Tyler?s partner, Danny Gross, the former president of Three Oaks village, was also subpoenaed to testify by the defense. He did admit that he had known Freehland ?all her life? but said he was not aware if the former juror was acquainted with his partner, Berrien County Clerk Sharon Tyler.

Gross owns a restaurant in the county and stated that Freehland had been in his business. The former Three Oaks leader acknowledged that his daughters were around the same age as Freehland and that they knew each other.

Later Gross? daughter Jody was called to testify and stated that she has ?known Freehland for thirty years.? She mentioned during her testimony that she sees Freehland at least once or twice a year and that they were friends of Facebook.

Later Gail Gross, another daughter of Danny, testified that she and Freehland ?attended the same school system? although Freehland is younger. When asked by defense lawyer Parish if the two were friends, Grosse said ?she considered her a friend.?

Prosecutor Sepic said the defense arguments seeking to draw connections and social relationships between these personalities involved in the trial of Pinkney were ?preposterous.? Later saying that there was no connections established.

Parish said for the defense that ?there is every reason to suggest connections? and this was not disclosed during the jury screening process known voir dire.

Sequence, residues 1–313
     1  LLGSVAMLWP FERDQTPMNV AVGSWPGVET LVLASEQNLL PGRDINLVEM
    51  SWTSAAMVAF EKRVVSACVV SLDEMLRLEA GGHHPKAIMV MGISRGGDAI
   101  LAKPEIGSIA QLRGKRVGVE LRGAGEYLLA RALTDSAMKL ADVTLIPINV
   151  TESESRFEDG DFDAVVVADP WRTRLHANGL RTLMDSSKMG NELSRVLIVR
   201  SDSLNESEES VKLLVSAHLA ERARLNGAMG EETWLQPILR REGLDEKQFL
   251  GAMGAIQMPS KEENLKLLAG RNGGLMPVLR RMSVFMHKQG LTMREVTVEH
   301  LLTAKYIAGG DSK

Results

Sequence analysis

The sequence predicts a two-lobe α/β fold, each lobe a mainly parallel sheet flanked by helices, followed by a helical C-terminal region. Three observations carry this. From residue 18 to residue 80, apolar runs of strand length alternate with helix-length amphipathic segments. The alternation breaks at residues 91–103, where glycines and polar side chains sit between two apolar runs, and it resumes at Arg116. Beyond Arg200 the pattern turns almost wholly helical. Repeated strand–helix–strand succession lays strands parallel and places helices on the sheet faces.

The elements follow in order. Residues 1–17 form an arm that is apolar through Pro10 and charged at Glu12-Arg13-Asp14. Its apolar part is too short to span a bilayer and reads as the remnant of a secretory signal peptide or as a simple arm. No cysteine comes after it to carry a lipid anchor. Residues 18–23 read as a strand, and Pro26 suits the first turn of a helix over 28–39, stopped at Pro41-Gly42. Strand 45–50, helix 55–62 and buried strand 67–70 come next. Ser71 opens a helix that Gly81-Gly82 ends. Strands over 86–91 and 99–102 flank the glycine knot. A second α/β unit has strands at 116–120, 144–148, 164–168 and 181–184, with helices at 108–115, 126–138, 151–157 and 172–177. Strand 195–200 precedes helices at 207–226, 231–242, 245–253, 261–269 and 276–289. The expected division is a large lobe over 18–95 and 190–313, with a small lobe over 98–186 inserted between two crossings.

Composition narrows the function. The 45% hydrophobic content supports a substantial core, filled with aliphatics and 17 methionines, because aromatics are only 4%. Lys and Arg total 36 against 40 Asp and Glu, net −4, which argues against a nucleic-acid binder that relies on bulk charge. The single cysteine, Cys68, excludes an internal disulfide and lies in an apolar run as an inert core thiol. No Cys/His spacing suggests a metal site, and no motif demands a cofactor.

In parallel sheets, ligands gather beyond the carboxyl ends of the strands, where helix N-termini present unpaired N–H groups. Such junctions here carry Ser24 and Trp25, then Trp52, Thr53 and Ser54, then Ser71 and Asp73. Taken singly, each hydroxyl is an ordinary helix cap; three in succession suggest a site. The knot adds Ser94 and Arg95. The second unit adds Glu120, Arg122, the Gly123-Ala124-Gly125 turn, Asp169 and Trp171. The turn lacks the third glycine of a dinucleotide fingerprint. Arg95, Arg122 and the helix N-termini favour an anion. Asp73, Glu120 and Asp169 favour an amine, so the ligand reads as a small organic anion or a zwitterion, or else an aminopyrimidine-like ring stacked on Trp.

Consequently, Judge Schrock agreed with Sepic. He denied the motion for a new trial and re-emphasized that Pinkney did not qualify for bond pending the outcome of his appeal which is being filed in an attempt to overturn his convictions on the felony charges.

During the course of the trial in 2014, no witnesses were brought forward by the prosecution who testified that they saw or believed that Pinkney changed the dates on five signatures on the recall petitions. Both the prosecution and the judge repeatedly stated that the evidence against Pinkney was ?circumstantial?, yet no circumstantial evidence was ever presented.

Pinkney was then ushered out of the courtroom and transported bac to state prison in Coldwater. His next step will be to bring the case before the appeals court where many believe he has a good chance of prevailing.

Demonstration Held Outside Court House

After the hearing ended, dozens of people remained behind to carry out a demonstration outside the Berrien County Court. Activists from Chicago, Flint, Detroit, Oak Park and other areas spoke out against what they saw as a travesty of justice.

Berrien County is dominated by the Whirpool Corporation, a multi-billion dollar firm. Pinkney and BANCO are staunch critics of the company saying that it is behind the prosecution and imprisonment.

A demonstration against Whirpool products sold at Lowe?s Department in Southfield, Michigan, suburb of Detroit, is scheduled to be held on Friday April 24. Activists are attempting to expose the role of corporations in the politics of Berrien County and southwest Michigan.